Lansing mirrors steady growth seen in national restaurant scene

By Eve Kucharski
Listen Up Lansing Staff Reporter

To some, Lansing’s restaurant scene might not seem like it is doing well. Others view it as an area that has been holding steady. But the truth of the matter is, according to Nielsen, in 2011 Lansing’s Restaurant Growth Index (RGI), was up six points above the national average, and far higher than Michigan’s overall average. And according to an associate professor at the School of Hospitality Business at Michigan State University, Jeffery Elsworth, restaurant growth in the nation is up in general. Elsworth said that the number of restaurants in the United States number close to one million, and in a matter of years will reach that landmark.

Holt looking to define downtown identity through 'Realize Cedar' study

By Austin Short
Holt Journal Staff Reporter

Delhi Charter Township has started an initiative called Realize Cedar and they are looking towards its residents for new ideas on how to improve Holt’s downtown area, specifically the triangle of Cedar Street, Holt Road and Aurelius Road. The study has three ways people can give input; offer a big idea, prioritize goals, and answer poll questions. The former allows people to write the township. Prioritize goals lets residents of the area tell the township what is most important to them. Finally ,the poll lets citizens vote and see the results of important considerations such as retail, bike paths, larger sidewalks and restaurants.

Permits approved for Okemos Chick-fil-A, but company mum about specific opening plans

By Ally Hamzey
The Meridian Times Staff Reporter

Mid-Michiganders still await their first taste of the Southern-based fast-food restaurant chain, Chick-fil-A, on their home front. The company’s plans to open a location on Grand River Avenue in front of Meijer in Okemos were confirmed in November and residents today are anticipating further information on the opening of the store. Meridian Township Director of Community Planning and Development Mark Kieselbach confirms that the special use permits necessary for the addition of the restaurant have been approved by the Planning Commission of Meridian Township. “As soon as they announced they were coming to the township, we had a lot of interest. A lot of people follow them, [have tried] Chick-fil-A in other states and like them,” Kieselbach said.

In the battle between chain restaurants versus mom-and-pops, who wins?

By Kelly Sheridan
The Meridian Times Staff Reporter

In Meridian Township, there are two types of restaurants—local and national chains. Both of these have different advantages and disadvantages, but the chain restaurants have the upper hand when it comes to funding and advertising. This is the ultimate reason why there are more of those in the area. Restaurant Report stated that according to an exerpt from Lebhar-Friedman Chain Store Guide, only 12 percent of restaurants are independent. The biggest advantages the chain restaurants have are their marketing ability and the funds to advertise and promote their business.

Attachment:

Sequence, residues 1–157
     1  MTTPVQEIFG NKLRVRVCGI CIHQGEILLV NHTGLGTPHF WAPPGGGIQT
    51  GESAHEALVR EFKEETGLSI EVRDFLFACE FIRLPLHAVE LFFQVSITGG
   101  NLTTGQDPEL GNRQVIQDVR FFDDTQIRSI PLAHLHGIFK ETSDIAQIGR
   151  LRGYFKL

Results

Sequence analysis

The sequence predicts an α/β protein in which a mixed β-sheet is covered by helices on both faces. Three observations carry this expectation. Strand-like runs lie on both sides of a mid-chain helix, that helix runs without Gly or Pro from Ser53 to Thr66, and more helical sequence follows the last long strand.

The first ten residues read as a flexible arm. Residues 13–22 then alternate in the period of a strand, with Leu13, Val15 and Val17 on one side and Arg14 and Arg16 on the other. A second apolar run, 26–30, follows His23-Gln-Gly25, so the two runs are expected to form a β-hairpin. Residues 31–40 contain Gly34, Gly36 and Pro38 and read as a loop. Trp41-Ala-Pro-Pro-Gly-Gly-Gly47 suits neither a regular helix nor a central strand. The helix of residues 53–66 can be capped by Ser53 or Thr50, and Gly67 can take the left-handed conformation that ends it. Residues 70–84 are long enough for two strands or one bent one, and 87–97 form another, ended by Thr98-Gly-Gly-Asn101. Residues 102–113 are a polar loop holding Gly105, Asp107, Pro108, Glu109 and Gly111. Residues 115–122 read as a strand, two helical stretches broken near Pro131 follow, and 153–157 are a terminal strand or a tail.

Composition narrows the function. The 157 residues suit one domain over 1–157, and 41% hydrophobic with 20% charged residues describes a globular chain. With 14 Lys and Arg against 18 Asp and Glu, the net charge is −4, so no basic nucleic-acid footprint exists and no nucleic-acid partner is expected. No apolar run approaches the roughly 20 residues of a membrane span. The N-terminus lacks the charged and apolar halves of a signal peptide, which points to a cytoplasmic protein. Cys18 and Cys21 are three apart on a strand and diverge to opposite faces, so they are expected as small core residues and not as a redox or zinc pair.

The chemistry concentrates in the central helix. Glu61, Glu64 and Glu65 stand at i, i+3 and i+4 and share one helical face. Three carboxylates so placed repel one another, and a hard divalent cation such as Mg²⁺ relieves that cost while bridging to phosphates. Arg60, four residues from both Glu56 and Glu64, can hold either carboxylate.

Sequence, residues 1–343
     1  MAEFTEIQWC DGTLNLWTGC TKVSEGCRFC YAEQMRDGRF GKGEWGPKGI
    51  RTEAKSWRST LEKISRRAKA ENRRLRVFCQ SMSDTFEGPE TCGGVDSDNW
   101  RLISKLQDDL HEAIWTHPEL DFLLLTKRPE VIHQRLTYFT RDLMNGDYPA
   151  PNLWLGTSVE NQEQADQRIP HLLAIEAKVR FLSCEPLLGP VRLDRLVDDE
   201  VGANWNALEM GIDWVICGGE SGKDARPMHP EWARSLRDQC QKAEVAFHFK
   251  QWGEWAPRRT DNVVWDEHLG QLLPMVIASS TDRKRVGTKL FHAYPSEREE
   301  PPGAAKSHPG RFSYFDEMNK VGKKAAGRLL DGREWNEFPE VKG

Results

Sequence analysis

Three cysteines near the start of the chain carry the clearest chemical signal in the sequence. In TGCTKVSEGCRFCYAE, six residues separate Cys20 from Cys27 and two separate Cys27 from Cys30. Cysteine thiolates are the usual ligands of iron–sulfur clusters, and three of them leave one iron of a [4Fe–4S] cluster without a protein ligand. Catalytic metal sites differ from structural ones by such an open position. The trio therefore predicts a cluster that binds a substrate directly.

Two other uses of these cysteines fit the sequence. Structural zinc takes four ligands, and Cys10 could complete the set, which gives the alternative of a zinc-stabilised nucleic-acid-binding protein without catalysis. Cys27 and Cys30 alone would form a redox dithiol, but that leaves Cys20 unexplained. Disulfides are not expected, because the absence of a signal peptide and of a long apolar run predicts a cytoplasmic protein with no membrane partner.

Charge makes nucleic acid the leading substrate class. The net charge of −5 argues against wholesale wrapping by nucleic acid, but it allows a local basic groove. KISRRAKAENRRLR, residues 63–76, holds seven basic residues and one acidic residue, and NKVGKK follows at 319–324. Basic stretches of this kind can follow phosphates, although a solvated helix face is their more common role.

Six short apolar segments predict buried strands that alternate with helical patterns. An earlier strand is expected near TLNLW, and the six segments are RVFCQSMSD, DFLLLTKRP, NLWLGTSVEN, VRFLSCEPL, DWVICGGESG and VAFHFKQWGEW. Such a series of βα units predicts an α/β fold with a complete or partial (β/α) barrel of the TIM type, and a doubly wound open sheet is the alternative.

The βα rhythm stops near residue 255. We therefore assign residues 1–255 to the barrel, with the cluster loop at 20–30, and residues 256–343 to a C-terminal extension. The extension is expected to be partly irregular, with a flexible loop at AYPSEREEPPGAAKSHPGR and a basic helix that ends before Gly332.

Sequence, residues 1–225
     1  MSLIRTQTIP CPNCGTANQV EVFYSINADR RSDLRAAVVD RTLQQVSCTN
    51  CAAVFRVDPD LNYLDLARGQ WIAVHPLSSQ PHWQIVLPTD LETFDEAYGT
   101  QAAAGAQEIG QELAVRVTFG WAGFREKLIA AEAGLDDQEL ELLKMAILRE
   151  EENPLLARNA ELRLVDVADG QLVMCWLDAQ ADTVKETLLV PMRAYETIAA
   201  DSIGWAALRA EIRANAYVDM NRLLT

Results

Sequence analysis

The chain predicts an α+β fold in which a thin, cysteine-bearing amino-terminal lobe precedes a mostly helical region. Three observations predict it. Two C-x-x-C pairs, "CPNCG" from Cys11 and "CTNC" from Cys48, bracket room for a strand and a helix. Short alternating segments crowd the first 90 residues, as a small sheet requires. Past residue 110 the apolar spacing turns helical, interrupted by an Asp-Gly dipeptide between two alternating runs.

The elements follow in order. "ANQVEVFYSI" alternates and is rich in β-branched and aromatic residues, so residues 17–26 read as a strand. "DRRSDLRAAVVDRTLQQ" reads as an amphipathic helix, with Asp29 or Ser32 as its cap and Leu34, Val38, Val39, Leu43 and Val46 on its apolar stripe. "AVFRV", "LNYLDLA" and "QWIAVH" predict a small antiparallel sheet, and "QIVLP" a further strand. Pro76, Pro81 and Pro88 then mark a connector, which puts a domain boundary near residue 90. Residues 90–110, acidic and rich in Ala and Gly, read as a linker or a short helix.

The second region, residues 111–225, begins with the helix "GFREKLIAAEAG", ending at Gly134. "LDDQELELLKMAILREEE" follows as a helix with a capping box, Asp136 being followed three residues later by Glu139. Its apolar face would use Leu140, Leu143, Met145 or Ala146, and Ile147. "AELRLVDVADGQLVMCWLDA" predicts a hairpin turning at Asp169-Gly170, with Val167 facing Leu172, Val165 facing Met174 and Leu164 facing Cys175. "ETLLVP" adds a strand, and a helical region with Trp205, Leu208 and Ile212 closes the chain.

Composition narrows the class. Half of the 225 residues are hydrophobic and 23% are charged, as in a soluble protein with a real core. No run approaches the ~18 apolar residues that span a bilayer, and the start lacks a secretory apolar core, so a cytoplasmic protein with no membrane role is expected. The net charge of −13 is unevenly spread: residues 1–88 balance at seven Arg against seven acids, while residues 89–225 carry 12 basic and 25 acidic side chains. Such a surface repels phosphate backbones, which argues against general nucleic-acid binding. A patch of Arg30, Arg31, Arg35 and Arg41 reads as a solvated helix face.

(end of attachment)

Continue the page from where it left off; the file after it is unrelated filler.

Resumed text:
Nearing one year in town, restaurant is a family affair

By Shane Jones
The Bath-DeWitt Connection Staff Reporter

DEWITT — Family Tree Cafe is a restaurant located in the heart of DeWitt. The inside is set up like an old-fashioned restaurant from the fifties. Greeting and starting and a conversation is owner Tim Russell. Working his way around the room carrying out conversations and running the restaurant, he evens find time to play a game of peek-a-boo with a young infant child. “Well, I used to do automotive design work until I lost my job in 2008.

Lansing Center having a big impact on city, culture

By Isaac Constans
Listen Up, Lansing Staff Reporter

So often at the center of attention is the Lansing Convention Center. The Lansing Convention Center, also known as the Lansing Center, hosts many of the biggest events to come to Lansing and provides a constant source of entertainment to the residents, as well as a large tourism and economy boost. Opened in 1987, the Lansing Center occupies the final block of Michigan Avenue heading west before the Grand River. It is an ideal location for people to visit. “When I go to [Lansing Community College], I can just walk from there to here, so yeah it’s a good spot,” Maricella Bonilla, a staff employee of the Lansing Center for approximately 18 months, said about the Lansing Center.

Old Town adding some ethnic flavor

By Cynthia Lee
Old Town Lansing Times staff reporter

McDonald’s, Burger King, and Wendy’s are common restuarants that can be found in most cities across the country. If it is not a corporate restaurant, it’s usually an American mom-and-pop restaurant with the usual burgers, hot dogs, and fries in most areas in Lansing. Until now, with people like entrepreneur Sam Short adding a new flavor to the food scene in Old Town. Short is the owner of the new upscale restaurant and bar, The Creole at 1218 Turner St. in Old Town.